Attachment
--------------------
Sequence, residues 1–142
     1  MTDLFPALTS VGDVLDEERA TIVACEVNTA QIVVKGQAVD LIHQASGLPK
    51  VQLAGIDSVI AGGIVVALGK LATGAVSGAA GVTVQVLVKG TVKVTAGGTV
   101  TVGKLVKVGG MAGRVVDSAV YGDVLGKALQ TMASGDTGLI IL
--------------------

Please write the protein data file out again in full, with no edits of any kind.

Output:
Sequence, residues 1–142
     1  MTDLFPALTS VGDVLDEERA TIVACEVNTA QIVVKGQAVD LIHQASGLPK
    51  VQLAGIDSVI AGGIVVALGK LATGAVSGAA GVTVQVLVKG TVKVTAGGTV
   101  TVGKLVKVGG MAGRVVDSAV YGDVLGKALQ TMASGDTGLI IL